Centaurs are the half-horse, half-human hybrids of Greek myth for which, it has been observed, no one has yet come up with a definitive way to design trousers. Which to me clearly indicates that they don’t wear any. Don’t come to me with your hang-ups, man.
In the Harry Potter series, centaurs are standoffish, territorial and even a bit malicious, but in Dungeons and Dragons, as far back as I can remember, they’ve been labeled good creatures—although I’m pretty sure they were originally chaotic good rather than neutral good, which makes more sense to me. Anyway, the upshot is, centaurs are unlikely to attack unprovoked and may prefer to try to subdue and capture their enemies rather than kill them. Doesn’t mean they can’t give you a good hoof-clout, though.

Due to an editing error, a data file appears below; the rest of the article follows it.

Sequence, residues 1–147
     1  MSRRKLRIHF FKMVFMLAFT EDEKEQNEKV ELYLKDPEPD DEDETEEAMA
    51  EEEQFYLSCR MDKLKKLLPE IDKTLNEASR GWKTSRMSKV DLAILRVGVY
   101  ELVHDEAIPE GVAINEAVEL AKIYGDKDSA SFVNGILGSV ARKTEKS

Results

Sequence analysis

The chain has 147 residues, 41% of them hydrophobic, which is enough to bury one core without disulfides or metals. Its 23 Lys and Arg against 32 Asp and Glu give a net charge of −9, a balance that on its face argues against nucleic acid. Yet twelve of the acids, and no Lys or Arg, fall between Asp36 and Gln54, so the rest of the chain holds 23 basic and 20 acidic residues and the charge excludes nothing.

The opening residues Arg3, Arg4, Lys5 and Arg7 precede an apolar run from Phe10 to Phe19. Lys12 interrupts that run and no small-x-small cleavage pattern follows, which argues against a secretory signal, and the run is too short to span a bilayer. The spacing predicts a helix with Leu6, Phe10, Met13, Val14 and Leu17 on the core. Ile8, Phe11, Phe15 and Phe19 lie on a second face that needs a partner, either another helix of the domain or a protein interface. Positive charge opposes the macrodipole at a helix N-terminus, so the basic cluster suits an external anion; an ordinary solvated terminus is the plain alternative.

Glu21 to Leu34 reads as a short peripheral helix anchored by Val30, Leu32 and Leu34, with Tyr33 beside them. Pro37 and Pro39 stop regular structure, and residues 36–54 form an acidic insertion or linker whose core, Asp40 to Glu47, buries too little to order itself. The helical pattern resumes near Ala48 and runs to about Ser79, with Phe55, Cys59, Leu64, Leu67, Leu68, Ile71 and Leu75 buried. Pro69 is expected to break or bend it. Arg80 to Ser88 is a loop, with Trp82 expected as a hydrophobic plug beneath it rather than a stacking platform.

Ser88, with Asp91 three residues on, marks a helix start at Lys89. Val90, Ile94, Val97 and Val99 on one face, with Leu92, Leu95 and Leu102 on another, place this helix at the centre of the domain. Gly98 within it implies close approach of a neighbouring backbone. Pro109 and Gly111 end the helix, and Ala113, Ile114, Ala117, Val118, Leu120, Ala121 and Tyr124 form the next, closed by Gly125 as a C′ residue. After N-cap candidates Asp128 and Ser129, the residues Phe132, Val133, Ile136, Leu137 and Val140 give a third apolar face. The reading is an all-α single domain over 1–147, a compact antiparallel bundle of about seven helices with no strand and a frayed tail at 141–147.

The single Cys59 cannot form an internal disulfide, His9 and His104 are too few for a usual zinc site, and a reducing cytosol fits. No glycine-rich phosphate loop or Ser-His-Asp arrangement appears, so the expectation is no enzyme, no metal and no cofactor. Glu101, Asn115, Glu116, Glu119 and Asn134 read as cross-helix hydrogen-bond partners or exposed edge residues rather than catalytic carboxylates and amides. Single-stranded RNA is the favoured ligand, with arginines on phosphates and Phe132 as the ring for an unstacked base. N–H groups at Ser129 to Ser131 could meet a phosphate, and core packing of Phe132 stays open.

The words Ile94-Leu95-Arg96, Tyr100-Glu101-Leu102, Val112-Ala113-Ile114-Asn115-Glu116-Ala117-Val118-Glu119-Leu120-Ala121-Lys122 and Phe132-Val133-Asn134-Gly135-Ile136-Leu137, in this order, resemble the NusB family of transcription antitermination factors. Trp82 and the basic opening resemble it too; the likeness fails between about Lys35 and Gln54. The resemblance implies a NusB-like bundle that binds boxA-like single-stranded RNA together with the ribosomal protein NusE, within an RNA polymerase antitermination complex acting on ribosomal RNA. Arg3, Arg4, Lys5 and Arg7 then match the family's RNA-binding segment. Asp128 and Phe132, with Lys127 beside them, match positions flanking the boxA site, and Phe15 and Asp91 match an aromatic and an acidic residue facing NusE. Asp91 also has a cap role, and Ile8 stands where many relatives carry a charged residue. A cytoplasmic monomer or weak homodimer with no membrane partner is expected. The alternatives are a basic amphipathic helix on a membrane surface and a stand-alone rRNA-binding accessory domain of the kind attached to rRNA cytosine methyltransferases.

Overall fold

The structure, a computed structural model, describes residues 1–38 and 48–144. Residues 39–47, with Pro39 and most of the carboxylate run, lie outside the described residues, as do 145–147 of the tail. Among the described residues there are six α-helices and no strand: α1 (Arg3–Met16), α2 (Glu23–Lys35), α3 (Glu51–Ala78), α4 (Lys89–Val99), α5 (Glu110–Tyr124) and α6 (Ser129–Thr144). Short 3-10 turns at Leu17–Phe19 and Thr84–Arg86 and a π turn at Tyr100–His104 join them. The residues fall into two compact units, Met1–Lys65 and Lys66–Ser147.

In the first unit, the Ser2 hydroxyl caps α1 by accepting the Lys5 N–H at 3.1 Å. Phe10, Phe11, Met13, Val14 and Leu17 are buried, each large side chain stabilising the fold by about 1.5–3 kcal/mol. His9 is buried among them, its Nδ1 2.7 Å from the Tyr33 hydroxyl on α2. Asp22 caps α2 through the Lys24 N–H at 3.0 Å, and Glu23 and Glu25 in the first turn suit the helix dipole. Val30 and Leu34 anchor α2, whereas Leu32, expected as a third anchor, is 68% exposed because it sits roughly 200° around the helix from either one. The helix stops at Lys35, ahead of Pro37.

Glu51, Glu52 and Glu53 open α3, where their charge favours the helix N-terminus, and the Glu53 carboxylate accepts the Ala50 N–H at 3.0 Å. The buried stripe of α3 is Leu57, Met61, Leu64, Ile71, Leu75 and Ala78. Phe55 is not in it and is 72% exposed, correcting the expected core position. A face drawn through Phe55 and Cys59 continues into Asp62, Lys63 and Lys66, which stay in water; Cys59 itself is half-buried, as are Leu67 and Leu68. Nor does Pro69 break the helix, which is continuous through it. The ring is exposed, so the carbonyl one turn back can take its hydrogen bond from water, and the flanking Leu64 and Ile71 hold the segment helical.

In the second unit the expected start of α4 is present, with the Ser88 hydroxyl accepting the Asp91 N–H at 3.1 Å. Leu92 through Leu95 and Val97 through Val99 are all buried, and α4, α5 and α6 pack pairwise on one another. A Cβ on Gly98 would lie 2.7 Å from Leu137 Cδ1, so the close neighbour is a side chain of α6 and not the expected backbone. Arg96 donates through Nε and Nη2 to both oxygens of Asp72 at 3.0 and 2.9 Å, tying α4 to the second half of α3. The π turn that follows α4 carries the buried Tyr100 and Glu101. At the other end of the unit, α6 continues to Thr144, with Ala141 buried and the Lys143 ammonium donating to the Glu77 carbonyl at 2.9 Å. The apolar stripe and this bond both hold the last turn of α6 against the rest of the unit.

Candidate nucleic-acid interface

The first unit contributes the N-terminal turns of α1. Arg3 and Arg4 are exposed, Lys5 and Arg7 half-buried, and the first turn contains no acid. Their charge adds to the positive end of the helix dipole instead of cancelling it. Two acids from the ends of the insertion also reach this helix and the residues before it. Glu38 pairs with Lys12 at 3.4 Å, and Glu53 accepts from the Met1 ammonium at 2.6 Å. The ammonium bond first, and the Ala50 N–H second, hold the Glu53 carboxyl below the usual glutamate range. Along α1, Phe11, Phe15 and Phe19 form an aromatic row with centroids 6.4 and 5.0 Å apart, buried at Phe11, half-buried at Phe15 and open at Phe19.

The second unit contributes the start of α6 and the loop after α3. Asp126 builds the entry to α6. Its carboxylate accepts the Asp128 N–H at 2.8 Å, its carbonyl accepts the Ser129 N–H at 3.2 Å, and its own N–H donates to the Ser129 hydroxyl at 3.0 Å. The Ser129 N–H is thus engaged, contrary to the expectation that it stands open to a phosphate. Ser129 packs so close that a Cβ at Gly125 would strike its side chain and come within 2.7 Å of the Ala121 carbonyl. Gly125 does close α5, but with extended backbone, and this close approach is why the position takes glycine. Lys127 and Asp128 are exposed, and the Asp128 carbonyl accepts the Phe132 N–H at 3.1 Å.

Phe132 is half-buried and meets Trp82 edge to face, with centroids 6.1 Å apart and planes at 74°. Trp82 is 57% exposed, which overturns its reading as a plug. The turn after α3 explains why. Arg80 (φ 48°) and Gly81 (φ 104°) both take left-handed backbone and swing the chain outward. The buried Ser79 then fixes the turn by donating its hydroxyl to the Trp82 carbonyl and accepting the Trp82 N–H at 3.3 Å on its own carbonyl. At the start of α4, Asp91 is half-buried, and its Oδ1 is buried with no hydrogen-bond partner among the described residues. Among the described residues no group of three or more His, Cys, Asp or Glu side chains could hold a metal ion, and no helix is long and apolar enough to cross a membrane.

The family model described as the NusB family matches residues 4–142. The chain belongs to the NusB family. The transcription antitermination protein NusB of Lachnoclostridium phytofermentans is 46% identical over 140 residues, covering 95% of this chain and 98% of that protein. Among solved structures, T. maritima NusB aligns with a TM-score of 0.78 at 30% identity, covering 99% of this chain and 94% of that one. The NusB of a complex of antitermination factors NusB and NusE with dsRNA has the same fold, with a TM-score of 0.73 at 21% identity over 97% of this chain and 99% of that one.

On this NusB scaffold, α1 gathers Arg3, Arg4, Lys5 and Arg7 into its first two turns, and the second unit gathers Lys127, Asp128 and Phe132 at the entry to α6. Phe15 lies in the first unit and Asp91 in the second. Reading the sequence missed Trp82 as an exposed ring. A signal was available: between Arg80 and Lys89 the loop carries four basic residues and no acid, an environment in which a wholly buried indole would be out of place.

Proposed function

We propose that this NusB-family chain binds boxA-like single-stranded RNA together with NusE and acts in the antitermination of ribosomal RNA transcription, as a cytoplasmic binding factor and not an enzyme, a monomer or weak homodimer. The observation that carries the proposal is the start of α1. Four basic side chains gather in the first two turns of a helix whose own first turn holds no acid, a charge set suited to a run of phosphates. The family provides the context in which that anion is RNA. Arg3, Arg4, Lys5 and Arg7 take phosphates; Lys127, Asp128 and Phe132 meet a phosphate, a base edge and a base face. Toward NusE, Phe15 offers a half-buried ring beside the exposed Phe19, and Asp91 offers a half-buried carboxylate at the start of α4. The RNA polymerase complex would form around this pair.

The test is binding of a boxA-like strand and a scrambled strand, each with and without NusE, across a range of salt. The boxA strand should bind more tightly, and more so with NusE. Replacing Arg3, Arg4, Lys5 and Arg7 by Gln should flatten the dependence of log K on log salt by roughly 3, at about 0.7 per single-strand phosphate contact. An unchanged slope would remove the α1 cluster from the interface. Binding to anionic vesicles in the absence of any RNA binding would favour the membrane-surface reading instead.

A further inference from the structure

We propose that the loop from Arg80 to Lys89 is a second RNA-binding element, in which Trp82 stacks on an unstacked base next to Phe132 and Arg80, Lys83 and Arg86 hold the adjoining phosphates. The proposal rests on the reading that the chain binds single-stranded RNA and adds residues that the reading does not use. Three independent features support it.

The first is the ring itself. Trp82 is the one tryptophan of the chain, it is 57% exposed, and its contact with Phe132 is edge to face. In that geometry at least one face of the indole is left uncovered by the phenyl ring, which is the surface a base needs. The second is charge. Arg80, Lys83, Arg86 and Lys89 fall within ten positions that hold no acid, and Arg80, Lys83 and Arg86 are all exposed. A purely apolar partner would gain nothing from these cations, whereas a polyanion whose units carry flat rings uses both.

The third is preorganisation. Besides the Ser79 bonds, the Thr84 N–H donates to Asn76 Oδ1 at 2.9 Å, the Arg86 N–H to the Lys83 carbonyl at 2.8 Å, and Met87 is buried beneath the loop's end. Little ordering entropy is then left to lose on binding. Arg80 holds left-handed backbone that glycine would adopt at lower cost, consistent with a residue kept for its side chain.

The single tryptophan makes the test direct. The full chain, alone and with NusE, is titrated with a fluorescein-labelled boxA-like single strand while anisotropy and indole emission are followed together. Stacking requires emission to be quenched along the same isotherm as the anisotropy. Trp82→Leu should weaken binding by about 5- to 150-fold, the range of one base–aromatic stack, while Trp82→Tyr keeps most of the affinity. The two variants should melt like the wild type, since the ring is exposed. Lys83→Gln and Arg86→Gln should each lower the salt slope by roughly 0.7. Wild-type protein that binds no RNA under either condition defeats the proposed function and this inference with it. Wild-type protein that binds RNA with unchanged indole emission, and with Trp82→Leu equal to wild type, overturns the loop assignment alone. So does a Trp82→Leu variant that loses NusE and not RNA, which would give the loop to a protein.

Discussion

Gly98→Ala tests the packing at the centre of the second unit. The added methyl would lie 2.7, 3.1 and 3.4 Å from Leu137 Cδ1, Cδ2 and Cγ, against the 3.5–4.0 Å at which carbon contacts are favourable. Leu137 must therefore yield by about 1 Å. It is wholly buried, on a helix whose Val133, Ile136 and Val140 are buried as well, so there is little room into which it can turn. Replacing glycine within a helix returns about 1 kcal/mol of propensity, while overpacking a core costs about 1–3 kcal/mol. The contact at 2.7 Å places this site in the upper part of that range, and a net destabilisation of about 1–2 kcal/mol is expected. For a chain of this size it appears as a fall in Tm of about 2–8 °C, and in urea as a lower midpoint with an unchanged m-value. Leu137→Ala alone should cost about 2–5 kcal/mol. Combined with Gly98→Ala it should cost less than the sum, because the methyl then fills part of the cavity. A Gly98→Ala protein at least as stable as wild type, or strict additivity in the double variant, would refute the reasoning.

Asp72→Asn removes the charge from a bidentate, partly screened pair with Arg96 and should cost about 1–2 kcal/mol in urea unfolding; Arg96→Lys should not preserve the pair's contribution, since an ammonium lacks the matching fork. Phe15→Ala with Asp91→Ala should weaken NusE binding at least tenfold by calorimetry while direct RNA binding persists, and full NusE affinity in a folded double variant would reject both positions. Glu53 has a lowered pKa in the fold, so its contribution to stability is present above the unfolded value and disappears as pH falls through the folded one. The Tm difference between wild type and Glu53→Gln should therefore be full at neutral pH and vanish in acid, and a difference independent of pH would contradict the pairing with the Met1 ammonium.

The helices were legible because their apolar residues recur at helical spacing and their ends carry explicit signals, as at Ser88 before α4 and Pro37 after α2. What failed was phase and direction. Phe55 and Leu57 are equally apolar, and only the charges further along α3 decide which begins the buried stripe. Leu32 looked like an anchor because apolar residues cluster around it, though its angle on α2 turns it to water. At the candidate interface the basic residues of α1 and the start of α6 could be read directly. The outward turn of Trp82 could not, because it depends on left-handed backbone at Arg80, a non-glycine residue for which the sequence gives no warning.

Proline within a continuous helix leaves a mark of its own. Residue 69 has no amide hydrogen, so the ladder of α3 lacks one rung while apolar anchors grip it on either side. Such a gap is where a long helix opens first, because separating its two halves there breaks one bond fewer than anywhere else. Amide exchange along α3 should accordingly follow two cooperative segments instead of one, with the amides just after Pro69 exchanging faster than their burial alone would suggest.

With a single-peak ability contour—exceptional Strength, but merely above-average Dexterity and Constitution—centaurs are also another sort of hybrid, between a brute and a shock attacker. As I use the terms, shock attackers hit fast and hard, then get out, because they’re not cut out for prolonged melee engagement; brutes engage and tank it out until their enemies are dead. With centaurs, we’re maybe looking at something in between: a creature that engages for just two or three rounds, then disengages. Continue reading Centaur Tactics